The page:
Friday, May 02, 2008

Staff Non-Renewals Looming

Take a look at Dr. Garnell Bailey’s May letter to the community on the school district web site.

Amongst all the information and good news, there is this paragraph:

In support of the adoption of the 2008-2009 School Budget as passed by the Plainfield voters, the District will began realignment based upon projected student enrollment. The Human Resources Team will provide a variety of outplacement services to those employees who are impacted by the realignment.

It’s true the voters passed the budget, but even if they hadn’t, the state intended to enforce a 4 percent increase in the local school tax levy, the first change since 1992. And the state increased aid to the district by just 2 percent for 2008-09, after which it will go flat. The district had to find a way to meet a $5 million shortfall.

The language about enrollment is based on findings that past budgets assumed an enrollment of about 8,000, when in fact the district has experienced a 16 percent decrease in enrollment.
When Plaintalker reported on the 2008-09 school budget in March, the challenges included $3.6 million in salary increases for 2008-09, $700,000 more in fringe benefits, $225,000 to launch the new Emerson School, $200,000 in tuition increases, $1 million more in charter school aid plus an added $313,814 in charter school aid.

To offset the challenges, cost saving measures include the following reductions: nine district administrators, 1.5 IT staff, eight secretaries, one bus driver, one security officer, 51 non-tenured teacher, 17 kindergarten assistants, seven certified support staff, a 50 percent reduction in the Faces/School-Based Youth Services program, four clerical assistants, six parent liaisons and four as-yet unspecified positions.

The list may have changed since then, but one can see the scope of the impact on school staff.

The district chose to give non-renewal notices to those affected instead of issuing a blanket “reduction in force” notice that might have dragged the uncertainty on through the summer. The people whose employment will not be renewed must be notified by May 14.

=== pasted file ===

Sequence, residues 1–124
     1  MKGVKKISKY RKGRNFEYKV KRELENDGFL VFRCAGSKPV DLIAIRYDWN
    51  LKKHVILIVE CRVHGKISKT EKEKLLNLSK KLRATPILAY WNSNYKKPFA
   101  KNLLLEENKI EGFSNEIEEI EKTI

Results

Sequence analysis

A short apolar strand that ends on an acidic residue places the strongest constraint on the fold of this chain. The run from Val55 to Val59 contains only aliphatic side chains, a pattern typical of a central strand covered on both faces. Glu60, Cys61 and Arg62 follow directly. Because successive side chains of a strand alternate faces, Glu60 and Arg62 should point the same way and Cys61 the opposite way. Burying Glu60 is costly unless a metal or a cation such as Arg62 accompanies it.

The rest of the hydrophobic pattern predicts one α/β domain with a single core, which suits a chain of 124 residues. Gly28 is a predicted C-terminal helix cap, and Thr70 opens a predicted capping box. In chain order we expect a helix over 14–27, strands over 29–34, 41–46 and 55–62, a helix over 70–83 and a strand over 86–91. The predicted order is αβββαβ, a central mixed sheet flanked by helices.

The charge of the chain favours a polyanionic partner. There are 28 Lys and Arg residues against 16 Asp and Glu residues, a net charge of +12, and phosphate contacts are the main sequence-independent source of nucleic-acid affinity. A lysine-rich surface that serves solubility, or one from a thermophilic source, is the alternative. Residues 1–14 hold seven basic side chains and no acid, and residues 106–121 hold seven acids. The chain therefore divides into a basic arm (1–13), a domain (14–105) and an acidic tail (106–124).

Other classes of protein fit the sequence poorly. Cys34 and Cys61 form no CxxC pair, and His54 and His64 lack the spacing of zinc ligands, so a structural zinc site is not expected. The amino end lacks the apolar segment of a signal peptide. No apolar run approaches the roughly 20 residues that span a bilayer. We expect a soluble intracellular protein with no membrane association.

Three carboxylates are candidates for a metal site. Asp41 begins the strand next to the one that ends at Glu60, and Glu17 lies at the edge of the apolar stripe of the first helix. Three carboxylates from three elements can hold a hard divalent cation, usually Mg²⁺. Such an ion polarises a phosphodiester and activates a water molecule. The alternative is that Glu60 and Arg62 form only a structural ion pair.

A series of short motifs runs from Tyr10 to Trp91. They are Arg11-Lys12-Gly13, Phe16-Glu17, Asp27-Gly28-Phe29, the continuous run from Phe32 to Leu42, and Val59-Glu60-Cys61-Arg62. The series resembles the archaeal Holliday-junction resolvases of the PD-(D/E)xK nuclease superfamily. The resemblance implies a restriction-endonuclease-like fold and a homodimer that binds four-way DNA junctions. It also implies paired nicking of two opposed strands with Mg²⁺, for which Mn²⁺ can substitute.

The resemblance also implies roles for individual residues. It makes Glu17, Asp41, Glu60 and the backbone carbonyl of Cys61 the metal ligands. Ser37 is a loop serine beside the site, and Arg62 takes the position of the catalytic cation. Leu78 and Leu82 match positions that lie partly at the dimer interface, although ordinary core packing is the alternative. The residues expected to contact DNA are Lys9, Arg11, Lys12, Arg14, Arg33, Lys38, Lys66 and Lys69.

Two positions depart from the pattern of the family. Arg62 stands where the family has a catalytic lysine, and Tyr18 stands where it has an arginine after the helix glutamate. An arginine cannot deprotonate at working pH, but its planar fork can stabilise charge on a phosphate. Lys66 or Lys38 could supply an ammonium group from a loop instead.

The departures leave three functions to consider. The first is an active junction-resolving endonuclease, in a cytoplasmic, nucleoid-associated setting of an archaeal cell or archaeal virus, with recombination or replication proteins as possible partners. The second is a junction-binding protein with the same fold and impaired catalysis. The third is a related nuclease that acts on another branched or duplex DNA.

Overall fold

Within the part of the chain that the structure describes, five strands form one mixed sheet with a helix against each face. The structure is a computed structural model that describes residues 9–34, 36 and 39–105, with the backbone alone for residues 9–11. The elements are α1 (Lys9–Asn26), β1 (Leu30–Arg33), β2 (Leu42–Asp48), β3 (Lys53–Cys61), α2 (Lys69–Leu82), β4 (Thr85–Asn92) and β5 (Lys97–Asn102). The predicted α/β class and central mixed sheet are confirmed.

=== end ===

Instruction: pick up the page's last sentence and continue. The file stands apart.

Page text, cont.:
It is a sad and difficult time for the school district and harsh times still lie ahead. Incoming Schools Superintendent Steve Gallon III will have to find a way to fill gaps in the administration even as state funding dwindles.

May and June are normally happy months, full of holidays and celebrations. For staff members who face non-renewal, it may be a season of worries and readjustments. At least the district has pledged to assist the individuals in finding new jobs.

--Bernice Paglia


Anonymous Anonymous said...

It is unfortunate for those who will lose their jobs, but if there is a 16% decrease in enrollment, there should be an appropriate decrease in support functions - and I will add that in my opinion, even at that the system is bloated.
So, quite frankly, I don't think the reductions go deep enough.

Lest you think I am a scrooge, if there is a reduction in children going to school in Plainfield, there must be a need in other private schools for additional support. So, hopefully, the jobs will transfer to another area.

Only problem with that, I suppose, is that there won't be the exhorbatant pension collection which we as taxpayers cough up.

10:16 AM  
Anonymous Anonymous said...

This is the price citizens pay for not being envolved in their community. Our political system demands participation. Failure to participate and institutions that have the power of taxation will exploit its citizenry. This is precisly the consequents that we are facing in Plainfield. The BOE is faulted for the spinless manner that that they comply with a failed process. Lets hope they find the guts to do what is right.

12:59 PM  

Post a Comment

<< Home